Noncompetitive Leasing Impedes Effective Management for Wildlife, Conservation, Recreation on Public Lands

DENVER – A new report released by the National Wildlife Federation shows that  noncompetitive leasing wastes taxpayer dollars by selling leases that likely won’t ever be developed for energy production, but prevents land from being actively managed for wildlife, conservation or recreation. The report analyzed more than 1,000 noncompetitive leases in five Western states that were issued between 2012 and 2020 and found that two-thirds of the leases were on lands with little potential for oil and gas development but nearly a million acres of those lands were in sage grouse habitat and 300,000 acres were in big game winter habitat or migration corridors. 

“It’s time to end the practice of noncompetitive leasing, which allows our public lands to be sold for as little as $1.50 an acre and impedes efforts to actively manage our lands for conserving wildlife habitat and safeguarding drinking water supplies,” said Andrew Black, public lands field director at the National Wildlife Federation. “Our study shows that noncompetitively leased lands are rarely developed for oil and gas, which means that no revenue is generated and taxpayer money is wasted in administrative costs. It’s a matter of common sense and good governance to end this wasteful practice.”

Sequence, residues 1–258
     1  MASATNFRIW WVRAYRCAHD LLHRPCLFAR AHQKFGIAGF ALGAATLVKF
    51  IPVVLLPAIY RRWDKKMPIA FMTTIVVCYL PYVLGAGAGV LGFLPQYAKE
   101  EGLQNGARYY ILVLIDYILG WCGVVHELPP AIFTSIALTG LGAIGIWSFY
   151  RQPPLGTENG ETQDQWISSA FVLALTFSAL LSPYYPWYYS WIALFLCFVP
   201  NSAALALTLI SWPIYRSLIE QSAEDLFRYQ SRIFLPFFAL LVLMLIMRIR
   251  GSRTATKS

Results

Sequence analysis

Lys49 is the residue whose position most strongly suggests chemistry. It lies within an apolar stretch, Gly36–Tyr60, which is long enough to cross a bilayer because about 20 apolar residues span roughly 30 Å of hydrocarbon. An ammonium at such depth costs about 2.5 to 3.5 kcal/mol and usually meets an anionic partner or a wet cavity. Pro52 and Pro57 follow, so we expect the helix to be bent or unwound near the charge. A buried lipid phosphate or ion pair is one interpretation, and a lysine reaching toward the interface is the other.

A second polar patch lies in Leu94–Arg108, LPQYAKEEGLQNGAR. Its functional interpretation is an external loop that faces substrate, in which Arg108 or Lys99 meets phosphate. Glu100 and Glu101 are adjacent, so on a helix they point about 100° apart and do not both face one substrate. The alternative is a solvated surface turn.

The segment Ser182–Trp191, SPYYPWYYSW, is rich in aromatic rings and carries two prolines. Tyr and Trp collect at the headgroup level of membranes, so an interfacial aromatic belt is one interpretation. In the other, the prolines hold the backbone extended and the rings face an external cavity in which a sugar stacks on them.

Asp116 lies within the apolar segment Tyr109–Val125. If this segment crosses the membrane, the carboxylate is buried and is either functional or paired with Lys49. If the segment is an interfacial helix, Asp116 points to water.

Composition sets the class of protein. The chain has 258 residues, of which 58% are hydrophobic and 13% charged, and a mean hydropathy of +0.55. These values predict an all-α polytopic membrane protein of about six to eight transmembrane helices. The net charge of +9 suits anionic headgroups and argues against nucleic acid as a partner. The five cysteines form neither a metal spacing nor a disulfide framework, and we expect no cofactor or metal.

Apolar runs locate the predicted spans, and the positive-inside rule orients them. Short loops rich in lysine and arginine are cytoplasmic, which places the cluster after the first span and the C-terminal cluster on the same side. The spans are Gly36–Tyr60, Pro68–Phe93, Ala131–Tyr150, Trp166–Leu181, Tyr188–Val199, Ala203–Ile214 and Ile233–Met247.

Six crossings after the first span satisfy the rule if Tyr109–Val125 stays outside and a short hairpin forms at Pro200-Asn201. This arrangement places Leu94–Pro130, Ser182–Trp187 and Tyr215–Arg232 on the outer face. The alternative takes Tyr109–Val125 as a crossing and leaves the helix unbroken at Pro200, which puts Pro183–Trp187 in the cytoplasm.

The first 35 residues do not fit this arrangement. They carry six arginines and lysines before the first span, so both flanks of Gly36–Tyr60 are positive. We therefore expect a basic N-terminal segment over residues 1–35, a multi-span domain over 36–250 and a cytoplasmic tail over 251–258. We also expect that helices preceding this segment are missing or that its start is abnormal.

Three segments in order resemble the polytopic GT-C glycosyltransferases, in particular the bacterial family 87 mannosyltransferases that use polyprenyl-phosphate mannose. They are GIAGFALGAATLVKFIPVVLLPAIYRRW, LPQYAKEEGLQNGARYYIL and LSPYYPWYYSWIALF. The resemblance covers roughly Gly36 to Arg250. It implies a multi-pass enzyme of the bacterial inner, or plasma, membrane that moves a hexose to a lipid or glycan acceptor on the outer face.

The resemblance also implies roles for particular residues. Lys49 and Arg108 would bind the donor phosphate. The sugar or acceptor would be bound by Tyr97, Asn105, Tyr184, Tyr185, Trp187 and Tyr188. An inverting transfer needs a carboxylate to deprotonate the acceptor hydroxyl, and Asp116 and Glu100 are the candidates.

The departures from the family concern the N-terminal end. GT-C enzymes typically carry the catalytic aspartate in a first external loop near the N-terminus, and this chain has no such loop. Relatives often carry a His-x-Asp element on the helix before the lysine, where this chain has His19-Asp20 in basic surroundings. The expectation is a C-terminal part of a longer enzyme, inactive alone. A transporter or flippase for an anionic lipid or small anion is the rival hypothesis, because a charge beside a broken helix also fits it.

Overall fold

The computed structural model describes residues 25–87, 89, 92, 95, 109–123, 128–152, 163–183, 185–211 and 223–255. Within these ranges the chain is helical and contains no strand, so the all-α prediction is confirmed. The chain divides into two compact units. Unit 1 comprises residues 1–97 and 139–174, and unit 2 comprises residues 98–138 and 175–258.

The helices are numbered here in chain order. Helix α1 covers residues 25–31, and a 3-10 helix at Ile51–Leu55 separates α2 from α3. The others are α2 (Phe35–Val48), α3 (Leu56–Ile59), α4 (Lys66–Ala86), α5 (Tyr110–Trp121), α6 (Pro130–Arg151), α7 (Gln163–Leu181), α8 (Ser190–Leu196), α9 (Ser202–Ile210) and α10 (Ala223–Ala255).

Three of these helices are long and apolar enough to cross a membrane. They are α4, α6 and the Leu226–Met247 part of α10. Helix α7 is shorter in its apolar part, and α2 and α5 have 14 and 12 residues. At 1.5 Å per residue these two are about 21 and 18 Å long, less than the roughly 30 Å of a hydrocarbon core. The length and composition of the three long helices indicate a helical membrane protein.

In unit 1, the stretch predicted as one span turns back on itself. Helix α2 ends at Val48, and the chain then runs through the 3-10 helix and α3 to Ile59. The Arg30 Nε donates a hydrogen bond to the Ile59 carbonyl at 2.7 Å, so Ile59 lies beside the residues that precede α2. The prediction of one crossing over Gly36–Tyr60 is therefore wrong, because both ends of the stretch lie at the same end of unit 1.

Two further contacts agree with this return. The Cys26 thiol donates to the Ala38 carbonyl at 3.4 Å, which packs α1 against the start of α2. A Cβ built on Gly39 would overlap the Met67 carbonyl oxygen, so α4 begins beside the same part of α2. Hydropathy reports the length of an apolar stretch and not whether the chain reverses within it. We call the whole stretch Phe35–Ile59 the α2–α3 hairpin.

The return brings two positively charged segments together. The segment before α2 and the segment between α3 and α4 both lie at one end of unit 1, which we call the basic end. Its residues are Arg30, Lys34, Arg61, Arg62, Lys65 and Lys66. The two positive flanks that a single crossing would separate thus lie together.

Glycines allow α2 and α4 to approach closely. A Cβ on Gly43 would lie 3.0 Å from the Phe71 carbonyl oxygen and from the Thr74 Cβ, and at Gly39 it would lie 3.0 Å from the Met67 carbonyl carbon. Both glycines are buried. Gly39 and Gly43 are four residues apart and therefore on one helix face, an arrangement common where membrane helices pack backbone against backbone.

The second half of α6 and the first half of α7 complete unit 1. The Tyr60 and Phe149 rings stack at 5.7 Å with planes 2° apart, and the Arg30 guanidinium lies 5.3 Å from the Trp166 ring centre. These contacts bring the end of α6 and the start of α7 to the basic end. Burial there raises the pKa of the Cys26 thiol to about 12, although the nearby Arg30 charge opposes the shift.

“Noncompetitive leasing ties up important big game habitat and lands that could be used for expanded recreation that would benefit all Nevadans. Almost a million acres have been leased noncompetitively in Nevada – with more than half on lands that have little potential for energy development. One third of these leases overlap lands with wilderness characteristics and almost two-thirds overlap sage grouse habitat,” said Russell Kuhlman, executive director of the Nevada Wildlife Federation. “Thank you, Senator Rosen, for sponsoring legislation to this wasteful practice to better protect taxpayers and safeguard our public lands.”

“Forty-percent of all oil and gas leases are sold noncompetitively at rock bottom prices. Yet more than half of these leases in Colorado have almost no potential for energy development. The COMPETES Act, sponsored by Sen. Hickenlooper, would end these public lands giveaways so that our public lands can be better managed for the benefit our communities,” said Suzanne O’Neill, executive director of the Colorado Wildlife Federation. “Ending the practice of noncompetitive leasing will allow expanded opportunities for cleaner air and water, wildlife conservation, and outdoor recreation.” 



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